Sewage Treatment Triad: Better, Faster, Cheaper?

May 10, 2021

It is often mistakenly assumed that one of the triads must be sacrificed in favour of the other two. But with the right combination of innovative technology and mutually beneficial contract mechanism, all three can be consistently achieved. In today’s article, we will be focusing on the technology selection.

Across Western Canada, there are hundreds of lagoon systems that operate under a Code of Practice and discharge to the headwaters of prairie watersheds over a short period of time. In addition, the Fisheries Act includes the Wastewater Systems Effluent Regulations (WSER) that impose additional effluent quality criteria not covered within a Code of Practice. As household, industrial and commercial wastewater volumes continue to grow, many of these systems have reached their treatment and storage capacity. These limits may be encountered in some or all of their anaerobic, facultative or storage cells, with the solutions often coming down to expansion or replacement. Increasingly, we are finding that optimization can offer a superior answer.

We’ve looked at a number of treatment systems that are available within optimization strategy, including:

  • Lagoon Expansion: increasing the footprint of anaerobic, facultative and storage lagoon infrastructure to improve performance under the existing Code of Practice;
  • Membrane Bioreactors for Wastewater Discharge: installation of a modular membrane biofilm system (ie. Veolia’s Biosep™, Suez’s Leapmbr™ or Bishop’s BioCord™) within the existing lagoons to improve contaminant removal;
  • Aerated Lagoons: augmenting oxygen levels to extend the effectiveness of facultative processes to overcome lower temperatures and reduced solar energy;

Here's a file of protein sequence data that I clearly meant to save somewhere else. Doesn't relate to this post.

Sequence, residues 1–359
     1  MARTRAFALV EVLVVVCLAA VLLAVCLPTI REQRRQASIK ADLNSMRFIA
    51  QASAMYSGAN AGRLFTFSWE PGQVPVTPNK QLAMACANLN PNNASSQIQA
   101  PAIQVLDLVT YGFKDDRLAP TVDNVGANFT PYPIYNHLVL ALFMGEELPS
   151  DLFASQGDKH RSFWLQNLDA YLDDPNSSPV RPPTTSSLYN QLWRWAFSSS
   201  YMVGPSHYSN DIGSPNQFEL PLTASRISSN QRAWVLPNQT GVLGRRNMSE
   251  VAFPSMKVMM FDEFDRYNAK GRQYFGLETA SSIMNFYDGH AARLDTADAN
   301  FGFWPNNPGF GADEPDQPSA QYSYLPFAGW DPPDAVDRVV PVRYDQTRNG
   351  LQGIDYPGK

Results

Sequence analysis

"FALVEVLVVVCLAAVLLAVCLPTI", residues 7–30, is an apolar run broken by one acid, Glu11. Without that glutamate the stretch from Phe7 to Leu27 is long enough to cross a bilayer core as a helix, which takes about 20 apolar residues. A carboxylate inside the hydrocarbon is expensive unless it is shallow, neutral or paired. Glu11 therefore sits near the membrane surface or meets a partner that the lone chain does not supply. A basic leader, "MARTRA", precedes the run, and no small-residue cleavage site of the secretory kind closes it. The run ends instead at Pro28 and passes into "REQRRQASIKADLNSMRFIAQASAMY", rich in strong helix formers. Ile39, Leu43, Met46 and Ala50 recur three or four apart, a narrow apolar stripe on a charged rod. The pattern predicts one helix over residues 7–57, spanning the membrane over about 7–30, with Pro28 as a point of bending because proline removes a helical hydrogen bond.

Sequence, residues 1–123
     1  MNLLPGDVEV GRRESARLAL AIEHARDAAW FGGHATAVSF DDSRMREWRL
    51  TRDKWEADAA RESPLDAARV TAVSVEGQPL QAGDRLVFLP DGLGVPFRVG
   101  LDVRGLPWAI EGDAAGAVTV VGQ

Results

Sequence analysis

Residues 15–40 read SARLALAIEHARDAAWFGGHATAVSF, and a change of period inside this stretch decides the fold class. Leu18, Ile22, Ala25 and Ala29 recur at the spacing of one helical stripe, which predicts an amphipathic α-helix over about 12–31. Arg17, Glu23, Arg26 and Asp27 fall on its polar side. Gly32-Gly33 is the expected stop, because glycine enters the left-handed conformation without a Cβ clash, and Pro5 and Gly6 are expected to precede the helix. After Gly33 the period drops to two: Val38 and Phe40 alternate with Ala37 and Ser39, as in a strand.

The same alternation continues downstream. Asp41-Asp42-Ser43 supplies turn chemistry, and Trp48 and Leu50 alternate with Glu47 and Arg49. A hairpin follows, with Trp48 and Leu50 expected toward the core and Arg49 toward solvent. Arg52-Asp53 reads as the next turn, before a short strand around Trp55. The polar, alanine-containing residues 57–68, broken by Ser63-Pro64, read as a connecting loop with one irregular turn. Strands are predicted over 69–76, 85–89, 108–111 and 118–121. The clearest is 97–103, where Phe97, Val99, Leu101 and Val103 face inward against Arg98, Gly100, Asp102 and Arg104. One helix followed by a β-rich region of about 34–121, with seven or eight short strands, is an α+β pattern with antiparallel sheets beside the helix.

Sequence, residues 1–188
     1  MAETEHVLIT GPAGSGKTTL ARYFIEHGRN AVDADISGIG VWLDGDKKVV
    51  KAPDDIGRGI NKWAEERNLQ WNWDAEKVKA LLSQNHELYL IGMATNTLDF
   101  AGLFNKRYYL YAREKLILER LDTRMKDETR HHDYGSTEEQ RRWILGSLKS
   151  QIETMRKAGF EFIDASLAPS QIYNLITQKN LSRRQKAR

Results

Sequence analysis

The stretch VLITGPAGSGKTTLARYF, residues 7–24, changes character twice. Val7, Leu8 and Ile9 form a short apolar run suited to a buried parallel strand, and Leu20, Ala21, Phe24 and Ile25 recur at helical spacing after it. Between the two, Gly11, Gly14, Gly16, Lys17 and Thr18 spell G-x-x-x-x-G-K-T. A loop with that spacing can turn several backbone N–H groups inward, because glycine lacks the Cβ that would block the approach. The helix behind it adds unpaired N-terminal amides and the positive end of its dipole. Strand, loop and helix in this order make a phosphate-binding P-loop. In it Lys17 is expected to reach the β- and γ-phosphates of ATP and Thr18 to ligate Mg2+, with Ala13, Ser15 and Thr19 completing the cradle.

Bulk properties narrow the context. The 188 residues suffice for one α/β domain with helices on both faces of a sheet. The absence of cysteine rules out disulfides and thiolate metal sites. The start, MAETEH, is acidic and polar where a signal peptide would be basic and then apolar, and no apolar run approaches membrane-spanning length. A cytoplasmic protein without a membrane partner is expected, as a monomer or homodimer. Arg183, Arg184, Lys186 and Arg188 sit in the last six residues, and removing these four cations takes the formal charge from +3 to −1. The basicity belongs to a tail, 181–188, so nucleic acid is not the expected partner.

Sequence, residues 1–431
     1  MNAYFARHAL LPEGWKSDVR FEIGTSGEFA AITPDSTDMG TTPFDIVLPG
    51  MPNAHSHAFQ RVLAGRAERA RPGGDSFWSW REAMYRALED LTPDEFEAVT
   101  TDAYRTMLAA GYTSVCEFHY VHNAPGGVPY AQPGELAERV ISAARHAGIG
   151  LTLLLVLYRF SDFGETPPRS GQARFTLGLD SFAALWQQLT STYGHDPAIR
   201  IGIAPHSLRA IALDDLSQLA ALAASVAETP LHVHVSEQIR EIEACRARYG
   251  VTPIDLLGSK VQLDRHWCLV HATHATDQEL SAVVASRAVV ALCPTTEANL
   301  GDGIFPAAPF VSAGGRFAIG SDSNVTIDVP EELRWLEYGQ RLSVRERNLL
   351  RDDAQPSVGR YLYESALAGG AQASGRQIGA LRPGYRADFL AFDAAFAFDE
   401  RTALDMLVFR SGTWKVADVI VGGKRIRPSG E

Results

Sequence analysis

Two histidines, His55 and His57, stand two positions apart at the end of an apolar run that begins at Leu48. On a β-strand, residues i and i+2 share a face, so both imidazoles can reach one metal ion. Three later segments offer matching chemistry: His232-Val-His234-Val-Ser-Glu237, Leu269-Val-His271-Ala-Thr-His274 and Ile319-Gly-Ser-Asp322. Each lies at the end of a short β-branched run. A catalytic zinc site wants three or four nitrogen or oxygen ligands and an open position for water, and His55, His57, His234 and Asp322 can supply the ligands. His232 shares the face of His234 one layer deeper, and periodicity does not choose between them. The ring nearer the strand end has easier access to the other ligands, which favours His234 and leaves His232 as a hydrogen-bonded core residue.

• Submerged Activated Growth Reactor (SAGR): installation of a post-lagoon fully-aerated buried stone bed (ie. Nexom™) to improve removal of ammonia and reduce vulnerability to colder temperatures;
  • Biological Nutrient Removal (BNR) reactors: traditional rectangular (ie. Banff WWTP) or concentric-ring (ie. Jasper WWTP);
  • Filtration Screening System: mechanical system (ie. Baleen™) for primary removal of grit, suspended solids, oil and grease upstream of aerated lagoons;
  • Moving Bed Biofilm Reactor (MBBR): a modular attached-growth treatment process using palm-sized plastic media and aeration system (ie. Sapphire™) to remove BOD and nutrients;
  • Membrane Straddle Plant for Reclaimed Water Quality: insertion of a small-footprint modular membrane system (ie. Swirltex™) and repurposing the existing lagoon infrastructure to optimize performance and reduce the footprint of agricultural land required for increase lagoon sizes; and,
  • Algae cultivation: harvesting of residual nutrients within engineered controlled-growth media (ie. Symbiotic BiotekTM)

By fine-tuning the technology selection, integrating low-carbon power sources and maximizing the beneficial reuse of treated effluent/biosolids, it is possible to significantly improve the quality of effluent and enhance the downstream receiving environment. Key factors in selecting a technology include: modularization (to reduce field construction costs and improve build quality); energy-efficiency (by using real-time process control to respond to variable inflows); robustness (reduced vulnerability to process upsets); and reliability (selection of quality materials with proven low life-cycle costs). Often our analysis combines experience-based CAPEX and OPEX estimates, emphasis on mature supply chains and confirmation of timely troubleshooting and repair services.